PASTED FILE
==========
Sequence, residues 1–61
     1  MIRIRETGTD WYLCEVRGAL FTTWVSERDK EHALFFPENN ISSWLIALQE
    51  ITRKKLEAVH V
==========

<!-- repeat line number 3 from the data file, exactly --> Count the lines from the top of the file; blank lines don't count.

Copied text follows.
    51  ITRKKLEAVH V